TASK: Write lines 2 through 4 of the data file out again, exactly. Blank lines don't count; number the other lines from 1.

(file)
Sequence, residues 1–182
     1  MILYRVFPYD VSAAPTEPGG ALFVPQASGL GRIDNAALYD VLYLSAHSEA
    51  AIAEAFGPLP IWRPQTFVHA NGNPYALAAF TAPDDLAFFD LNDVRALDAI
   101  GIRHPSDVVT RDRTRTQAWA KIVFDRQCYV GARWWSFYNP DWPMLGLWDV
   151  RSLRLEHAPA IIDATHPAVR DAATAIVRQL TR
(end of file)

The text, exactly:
     1  MILYRVFPYD VSAAPTEPGG ALFVPQASGL GRIDNAALYD VLYLSAHSEA
    51  AIAEAFGPLP IWRPQTFVHA NGNPYALAAF TAPDDLAFFD LNDVRALDAI
   101  GIRHPSDVVT RDRTRTQAWA KIVFDRQCYV GARWWSFYNP DWPMLGLWDV